The oral traditions have passed these stories on from parents to children in their own words. This went on for a long period of time before the medieval monks started writing them down so already there is a large variation, but the oral traditions have continued separate from the written texts after that too.

The fact that the word “rebirth” appears here makes me suspect that this is a text from oral tradition only. We have no textual evidence in any of the medieval transcriptions about the notion of rebirth among the Celts. We only have what the Romans recorded about it. Most scholars seem to attribute this lack to the freedom of the Catholic scribes, for whom the notion of rebirth among men (other than supernatural beings) would be blasphemous.

The belief in rebirth itself however is something that has survived in the oral tradition and some studies have been done in various Celtic countries to that extend. But of course it being a pagan belief, especially in Catholic Ireland, these things kept very much underground.

In any case, some of the manuscripts have been digitized and some transcriptions and translations of this legend "Ces Noínden Ulad" can be found here:
(the links to the manuscripts don’t work but you have to find collection from the dropdown)

In regards to their history, we cannot draw many definite conclusions from these texts except from the broad lines in which they are similar. I therefore think it is fairly safe to say that there was a far greater level of equality between men and women in pre-Roman times than thereafter, but I find it going a bit too far to conclude that it was a matriarchal society. After all, there have been strong women throughout history; England has seen a number of very powerful Queens on the throne while the society at large was still patriarchal.

I believe that Queen Medb probably existed as an actual historical character, but Macha was a Goddess and therefore belongs in the realm of the spiritual. If the sisters Aoife and Sgathaich were actual people or not is open for debate. I can equally see the arguments for and against. They could just as well have been nature-fays; the message being clear: don’t try to trick nature because you will regret it in the end, a message we could still learn from today.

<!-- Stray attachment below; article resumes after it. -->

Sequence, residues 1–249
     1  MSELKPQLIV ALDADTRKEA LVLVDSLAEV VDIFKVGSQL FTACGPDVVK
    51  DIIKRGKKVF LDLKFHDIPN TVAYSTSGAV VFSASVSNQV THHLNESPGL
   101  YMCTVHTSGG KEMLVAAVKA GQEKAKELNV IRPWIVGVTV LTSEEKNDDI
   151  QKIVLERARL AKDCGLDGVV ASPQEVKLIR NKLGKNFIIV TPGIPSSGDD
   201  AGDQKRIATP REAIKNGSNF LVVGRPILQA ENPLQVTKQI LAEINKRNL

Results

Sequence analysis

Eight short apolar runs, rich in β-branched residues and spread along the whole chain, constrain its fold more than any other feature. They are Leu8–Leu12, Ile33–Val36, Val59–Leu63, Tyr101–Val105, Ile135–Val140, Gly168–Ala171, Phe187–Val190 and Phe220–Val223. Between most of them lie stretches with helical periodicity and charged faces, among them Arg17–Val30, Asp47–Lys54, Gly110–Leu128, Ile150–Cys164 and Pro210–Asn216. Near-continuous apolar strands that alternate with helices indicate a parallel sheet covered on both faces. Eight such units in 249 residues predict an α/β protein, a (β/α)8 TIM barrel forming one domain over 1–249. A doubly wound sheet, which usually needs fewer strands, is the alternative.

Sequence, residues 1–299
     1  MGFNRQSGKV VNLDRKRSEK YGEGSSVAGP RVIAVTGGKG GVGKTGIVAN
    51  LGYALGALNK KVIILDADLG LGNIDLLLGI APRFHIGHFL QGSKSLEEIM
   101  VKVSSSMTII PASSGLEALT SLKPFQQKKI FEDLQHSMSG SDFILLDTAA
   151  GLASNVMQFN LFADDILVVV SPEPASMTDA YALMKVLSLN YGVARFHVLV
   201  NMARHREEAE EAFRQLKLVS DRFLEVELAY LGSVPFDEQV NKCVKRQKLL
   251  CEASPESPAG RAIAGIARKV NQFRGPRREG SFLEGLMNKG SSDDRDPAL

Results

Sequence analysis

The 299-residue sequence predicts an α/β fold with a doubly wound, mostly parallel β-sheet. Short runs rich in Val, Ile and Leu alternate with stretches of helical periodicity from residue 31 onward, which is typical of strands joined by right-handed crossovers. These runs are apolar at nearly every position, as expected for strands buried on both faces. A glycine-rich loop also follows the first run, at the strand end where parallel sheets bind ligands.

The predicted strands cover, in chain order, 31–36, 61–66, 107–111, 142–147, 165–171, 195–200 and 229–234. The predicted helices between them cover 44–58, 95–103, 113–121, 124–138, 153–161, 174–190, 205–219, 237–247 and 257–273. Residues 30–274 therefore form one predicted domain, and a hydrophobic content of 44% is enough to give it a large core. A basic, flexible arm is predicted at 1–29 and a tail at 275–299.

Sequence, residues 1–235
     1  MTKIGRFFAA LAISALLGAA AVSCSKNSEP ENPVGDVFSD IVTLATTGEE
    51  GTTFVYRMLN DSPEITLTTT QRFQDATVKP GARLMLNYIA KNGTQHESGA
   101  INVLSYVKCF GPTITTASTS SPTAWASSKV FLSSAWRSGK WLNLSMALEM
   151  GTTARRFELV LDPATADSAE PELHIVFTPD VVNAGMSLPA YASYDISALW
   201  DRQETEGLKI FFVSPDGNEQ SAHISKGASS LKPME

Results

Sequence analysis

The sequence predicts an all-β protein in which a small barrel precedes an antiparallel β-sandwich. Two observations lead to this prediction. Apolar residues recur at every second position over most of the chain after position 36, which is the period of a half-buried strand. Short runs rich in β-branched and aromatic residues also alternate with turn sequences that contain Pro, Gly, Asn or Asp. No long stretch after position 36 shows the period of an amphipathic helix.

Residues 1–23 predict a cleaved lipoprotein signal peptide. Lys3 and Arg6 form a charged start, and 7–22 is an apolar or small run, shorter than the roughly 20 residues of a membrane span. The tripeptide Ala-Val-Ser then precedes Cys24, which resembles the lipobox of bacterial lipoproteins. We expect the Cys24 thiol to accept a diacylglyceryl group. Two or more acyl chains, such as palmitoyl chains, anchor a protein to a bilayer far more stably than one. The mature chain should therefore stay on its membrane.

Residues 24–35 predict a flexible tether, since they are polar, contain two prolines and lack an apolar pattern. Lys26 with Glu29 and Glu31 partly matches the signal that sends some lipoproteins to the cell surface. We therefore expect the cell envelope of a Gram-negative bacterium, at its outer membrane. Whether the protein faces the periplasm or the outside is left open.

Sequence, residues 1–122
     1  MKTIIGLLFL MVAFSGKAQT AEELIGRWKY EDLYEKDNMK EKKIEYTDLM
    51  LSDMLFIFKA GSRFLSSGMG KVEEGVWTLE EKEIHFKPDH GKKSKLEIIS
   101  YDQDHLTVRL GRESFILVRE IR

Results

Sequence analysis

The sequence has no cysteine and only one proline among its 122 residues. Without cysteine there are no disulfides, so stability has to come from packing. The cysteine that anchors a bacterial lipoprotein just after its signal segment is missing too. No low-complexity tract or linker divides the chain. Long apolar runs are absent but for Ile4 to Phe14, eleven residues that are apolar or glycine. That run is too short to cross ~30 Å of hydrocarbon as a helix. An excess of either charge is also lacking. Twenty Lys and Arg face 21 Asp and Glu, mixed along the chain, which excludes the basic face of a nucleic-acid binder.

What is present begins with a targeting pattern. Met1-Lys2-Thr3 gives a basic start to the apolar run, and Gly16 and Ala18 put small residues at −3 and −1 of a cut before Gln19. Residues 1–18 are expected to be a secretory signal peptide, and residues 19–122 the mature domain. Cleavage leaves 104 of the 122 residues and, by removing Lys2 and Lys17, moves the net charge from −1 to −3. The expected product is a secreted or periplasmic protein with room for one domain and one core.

As for my own story, I can see many parallels with the story of Aoife. I also took up martial arts and I too was defeated, not in a fight but tricked through my own gullibility (drugged with Datura). In some way I also took my revenge by forgiving. Rape is not about sex but about power and by forgiving I took that power back onto myself, like Aoife took the life she had given back from the man who tricked her. Besides, in the end nature always comes with it’s own revenge through the laws of Kamma and I’ve seen this very clearly when I went back to confront him. In such a way, stories of Aoife and other women can be seen as the embodiment of Kamma as a feminine force that you can never double-cross. Of course my story has nothing to do with the tales of Aiofe, but I can dream, and ultimately, that is where those myths come from.


Perhaps that was one of the reasons that our ancestors told these stories. So we can dream/connect with things hidden in the heart of myth, and see our own elemental aspects - the roots of the wholesome and unwholesome as Buddhist tradition would say - so we can have power over our own humanity by knowing it, rather than being enslaved to its/our nature.

You’re story is truly inspiring Aoife. Thank you so much for sharing it and showing how you found your own way forward, armed with love and courage.

I love hearing about the ancient Celts!



Thank you @anon29387788. That is beautifully said!